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New Zealand presents multi-media artist Lisa Reihana at the 57th International Art Exhibition
in Pursuit of Venus [infected], 2015–17, Lisa Reihana: Emissaries, Biennale Arte 2017. Photo: Michael Hall. Image courtesy of New Zealand at Venice.


VENICE.- Lisa Reihana: Emissaries features the artist’s vast panoramic video in Pursuit of Venus [infected], 2015—17, alongside interrelated photo-based and sculptural works. The exhibition is presented at Tese dell’Isolotto, one of the oldest and most expansive maritime buildings in the Arsenale. This is the first time the New Zealand pavilion has been located within the Biennale’s central exhibition area.

Lisa Reihana’s (b.1964) technically ambitious and poetically nuanced practice draws on fiction, historical evidence, mythology and kinship to disrupt notions of truth, gender and modes of representation. In Lisa Reihana: Emissaries, curated by Rhana Devenport, imperialism’s glare is returned with a speculative twist and the exhibition aims to unravel Enlightenment ideals and philosophy, the colonial impulse, and the pervasive gaze of power and desire.

in Pursuit of Venus [infected], 2015—17, is a cinematic reimagining of the French scenic wallpaper Les Sauvages de la Mer Pacifique, 1804—1805, also known as ‘Captain Cook’s voyages’. Two centuries later – and almost 250 years after the original voyages that inspired them – Reihana employs complex twenty-first century audio-visual technologies to animate the wallpaper with real and invented narratives in a cultural endeavour of reclamation and reimagining. The artist re-casts this original European fabrication of the Pacific to suggest a more complex story.

The expansive video panorama is populated by characters drawn from across Aotearoa New Zealand, the Pacific and Europe to create a compelling and mesmerising experience. Reihana intensifies the death of Cook in Hawai’i as the dramatic moment of rupture. This and other narratives play out within a looping visual and sonic world where time is cyclical. Heightening the emotional arc of the work, an integrated soundscape weaves together live capture of performances, the winding of an original clock used on Cook’s voyages, and rare recordings of the taonga pūoro (Māori instruments) that he collected.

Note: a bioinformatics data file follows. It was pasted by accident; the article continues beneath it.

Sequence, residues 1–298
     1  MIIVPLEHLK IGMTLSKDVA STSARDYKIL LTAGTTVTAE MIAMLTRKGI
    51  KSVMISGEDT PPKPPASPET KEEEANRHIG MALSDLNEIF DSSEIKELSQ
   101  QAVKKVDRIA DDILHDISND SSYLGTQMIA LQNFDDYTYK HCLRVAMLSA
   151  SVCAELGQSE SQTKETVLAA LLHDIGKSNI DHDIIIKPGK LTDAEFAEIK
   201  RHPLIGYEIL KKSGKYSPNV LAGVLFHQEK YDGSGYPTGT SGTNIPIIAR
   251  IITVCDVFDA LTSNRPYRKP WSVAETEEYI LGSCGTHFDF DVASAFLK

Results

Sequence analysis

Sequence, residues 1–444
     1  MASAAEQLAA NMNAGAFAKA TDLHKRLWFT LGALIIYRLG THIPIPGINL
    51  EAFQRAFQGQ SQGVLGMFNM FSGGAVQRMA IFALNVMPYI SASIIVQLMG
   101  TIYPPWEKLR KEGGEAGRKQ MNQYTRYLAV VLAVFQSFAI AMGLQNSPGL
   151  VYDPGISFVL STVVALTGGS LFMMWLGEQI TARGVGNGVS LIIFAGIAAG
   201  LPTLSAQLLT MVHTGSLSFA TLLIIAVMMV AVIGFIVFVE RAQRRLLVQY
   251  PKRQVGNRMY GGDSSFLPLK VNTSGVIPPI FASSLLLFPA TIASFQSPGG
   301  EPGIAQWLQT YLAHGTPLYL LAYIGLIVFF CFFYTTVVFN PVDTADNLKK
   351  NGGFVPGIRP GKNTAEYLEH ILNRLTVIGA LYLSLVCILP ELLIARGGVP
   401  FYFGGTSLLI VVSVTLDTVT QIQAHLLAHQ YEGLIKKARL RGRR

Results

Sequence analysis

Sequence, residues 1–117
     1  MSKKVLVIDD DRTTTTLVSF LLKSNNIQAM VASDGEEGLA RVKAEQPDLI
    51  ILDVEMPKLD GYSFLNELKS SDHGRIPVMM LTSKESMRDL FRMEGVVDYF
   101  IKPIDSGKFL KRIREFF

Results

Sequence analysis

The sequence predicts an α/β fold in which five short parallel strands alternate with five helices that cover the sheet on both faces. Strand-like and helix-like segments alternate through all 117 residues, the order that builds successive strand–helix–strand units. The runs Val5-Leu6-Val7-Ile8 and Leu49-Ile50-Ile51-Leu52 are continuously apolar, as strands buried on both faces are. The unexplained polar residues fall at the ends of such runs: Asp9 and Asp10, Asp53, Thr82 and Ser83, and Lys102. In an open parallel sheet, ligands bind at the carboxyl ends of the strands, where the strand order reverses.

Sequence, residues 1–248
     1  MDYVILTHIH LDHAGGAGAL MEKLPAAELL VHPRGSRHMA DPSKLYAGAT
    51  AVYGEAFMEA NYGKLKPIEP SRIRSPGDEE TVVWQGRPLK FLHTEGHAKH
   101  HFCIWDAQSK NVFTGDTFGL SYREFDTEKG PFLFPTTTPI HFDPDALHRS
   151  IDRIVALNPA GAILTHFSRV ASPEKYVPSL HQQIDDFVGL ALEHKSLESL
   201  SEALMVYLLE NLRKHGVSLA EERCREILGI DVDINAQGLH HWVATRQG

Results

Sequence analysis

The title in Pursuit of Venus [infected] consciously references the artist’s ‘point of view’ or ‘POV’. The ‘Venus’ alludes to the worldwide international scientific mission to measure the heavens by documenting the 1769 Transit of Venus, in order to determine the distance between Earth and the Sun. Arcadian conceptions of the South Seas

are also alluded to, with Bougainville having named Tahiti ‘New Cythera’ in reference to the birthplace of the goddess of love. The ‘infection’ reveals itself through the slippages of encounter as Pacific peoples and the English sailors, artists, scientists and astronomers share this heightened phantasmic zone.

A constellation of five sculptural Perspectival Tubes feature transparencies that reference one's POV (point of view) and literally 'telescope in' on certain moments associated with in Pursuit of Venus [infected]. Featured are a Nootka Sound figurine (an ancestor from the northern hemisphere), the Tahitian Omai's calling card that he used in London, a powerful headdress from Cook Islands worn by a senior performer from Rarotonga, an eighteenth century universal compass that tracks colonisation, as well as the artist's text 'Because we are From the Future'. These words allude to Māori and Pacific concepts of time (Tā-Vā) where past, present and future are embodied in the same moment.

Flanking in Pursuit of Venus [infected] are two emissaries, at the close of the exhibition is Joseph Banks, the ambitious English naturalist and explorer who was an eighteenth century emissarial figure of expanding knowledge, at the entrance of the exhibition appears the elaborately costumed Tahitian Chief Mourner who led customary rituals transiting between death and life.






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